A teacher is someone who teaches. In the local idiom a teacher is called an ‘Ustad’. Over the years somehow the word has transgressed its meaning to mean a driver (especially that of a bus or truck), an unassuming but deceptive person, a con man or even a gang leader. Why a prestigious vocation like teaching has been equated with the above, rather shady occupations, eludes me. I am reminded of an anecdote, reportedly taken from real life, in which a Federal Minister, who had risen to this enviable status, not because of the virtue of his qualifications and inherent qualities but more probably of his antecedents and family ties, after disembarking from his helicopter and having had his fill of a feast thrown in his honour at a location in a somewhat remote Northern area, nonchalantly asked one of his aides in the local idiom, ‘Ustadan aan roti khilai ai’ or ‘have you fed the ‘Ustad’’. He was referring to the pilot who was, of course, a very high ranking official of the Pakistan Air Force.
Commercialization has taken its toll on all facets of modern life and teaching and learning are no exception. Sadly enough, teaching is not considered a specialized vocation in our part of the world. In my 25 years of teaching career I have come across countless potential doctors, engineers, pilots and military men. Pupils who, attempting that old chestnut ‘My aim in life ’, describe with great gusto what they want to be when they grow up. I even had a 7th grader from Mardan named ‘General Irshad ’ whose prescient father lived for the day when his son would have not one but two military titles before his name; but not one pupil has ever declared that he wants to become a teacher when he grows up. One factor for this state of affairs is the rather shabby status our society affords to teachers and another, may be more pertinent factor, is that we are seldom inspired by the teachers we come across, to aspire to follow in their footsteps. No doubt things are different in English medium schools in big cities where enlightened and relatively well paid teachers are available. Sadly most teachers in government schools, especially in remote areas, still treat schools as their estates and pupils as their slaves. Stories of pupils tending to the teacher’s live stock, doing his house hold chores and getting beaten up at the slightest provocation abound.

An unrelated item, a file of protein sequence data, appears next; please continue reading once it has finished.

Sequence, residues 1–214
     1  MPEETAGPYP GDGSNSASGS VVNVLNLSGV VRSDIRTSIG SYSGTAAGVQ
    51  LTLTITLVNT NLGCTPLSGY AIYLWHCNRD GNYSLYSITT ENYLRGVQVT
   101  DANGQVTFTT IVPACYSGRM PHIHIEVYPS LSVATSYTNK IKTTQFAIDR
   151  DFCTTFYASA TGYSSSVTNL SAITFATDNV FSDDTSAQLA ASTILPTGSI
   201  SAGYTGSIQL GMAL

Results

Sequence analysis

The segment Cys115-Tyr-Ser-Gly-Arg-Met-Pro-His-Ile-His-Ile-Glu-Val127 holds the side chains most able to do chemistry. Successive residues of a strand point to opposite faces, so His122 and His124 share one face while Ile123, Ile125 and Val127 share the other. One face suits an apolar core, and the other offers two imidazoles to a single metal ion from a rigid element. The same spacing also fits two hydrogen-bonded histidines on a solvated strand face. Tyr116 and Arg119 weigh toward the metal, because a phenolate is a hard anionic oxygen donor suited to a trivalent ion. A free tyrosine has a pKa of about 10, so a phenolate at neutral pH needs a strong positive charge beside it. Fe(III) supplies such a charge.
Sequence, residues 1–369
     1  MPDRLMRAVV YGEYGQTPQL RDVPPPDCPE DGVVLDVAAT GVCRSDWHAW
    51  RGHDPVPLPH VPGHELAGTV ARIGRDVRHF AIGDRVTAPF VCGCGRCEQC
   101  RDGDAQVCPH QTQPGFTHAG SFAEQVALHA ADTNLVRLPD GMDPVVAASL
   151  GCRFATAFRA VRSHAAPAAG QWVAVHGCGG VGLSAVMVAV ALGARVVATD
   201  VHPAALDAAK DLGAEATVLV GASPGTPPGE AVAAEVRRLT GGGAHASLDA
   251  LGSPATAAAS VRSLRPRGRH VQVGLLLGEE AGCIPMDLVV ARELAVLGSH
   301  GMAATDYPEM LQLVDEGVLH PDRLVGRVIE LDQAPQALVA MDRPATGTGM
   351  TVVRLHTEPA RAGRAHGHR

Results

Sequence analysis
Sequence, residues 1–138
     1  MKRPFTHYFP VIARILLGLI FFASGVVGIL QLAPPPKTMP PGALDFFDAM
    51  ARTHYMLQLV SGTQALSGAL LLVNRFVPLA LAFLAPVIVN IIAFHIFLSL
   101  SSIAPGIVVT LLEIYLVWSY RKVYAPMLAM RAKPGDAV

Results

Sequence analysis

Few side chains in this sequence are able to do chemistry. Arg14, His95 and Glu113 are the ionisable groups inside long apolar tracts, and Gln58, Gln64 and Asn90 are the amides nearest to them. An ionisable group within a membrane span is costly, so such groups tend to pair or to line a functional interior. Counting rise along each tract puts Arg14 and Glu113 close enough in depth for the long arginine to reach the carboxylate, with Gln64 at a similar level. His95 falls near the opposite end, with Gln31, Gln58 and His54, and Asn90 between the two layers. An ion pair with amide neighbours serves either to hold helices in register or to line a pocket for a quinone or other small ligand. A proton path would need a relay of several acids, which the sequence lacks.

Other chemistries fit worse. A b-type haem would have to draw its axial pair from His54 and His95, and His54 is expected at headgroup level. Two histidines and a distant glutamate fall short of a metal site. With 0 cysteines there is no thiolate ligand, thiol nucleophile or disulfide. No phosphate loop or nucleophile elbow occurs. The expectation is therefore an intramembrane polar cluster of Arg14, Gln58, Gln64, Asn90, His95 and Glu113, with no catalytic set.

Most of the teachers are teachers not by design but by duress or certain limitations. Most of them would jump at the chance if offered a change of career. For the young, teaching is a stepping stone to better opportunities and if one does not come along they grow old, feeling trapped and hoodwinked, at the unfair way life has treated them.A human personality is a strange amalgam of influences; the strongest, in my opinion, being the education one has received. Education and teachers are still synonymous in our country. Our traditional values and Islamic teachings still hold a teacher in the highest esteem. Though our average teacher has done his best to forfeit his status, the majority of our pupils still regard a teacher as the supreme authority on all academic matters.Recently an item in the national press caused an icy chill to go up my spine. At a government school in a rural area, two teachers accused a 12 year old of stealing a muffler or scarf. The pupil denied the charge and the two ‘teachers’, convinced that the boy was lying, beat him up mercilessly for three days in a bid to get him to confess to a ‘crime’ he had not committed.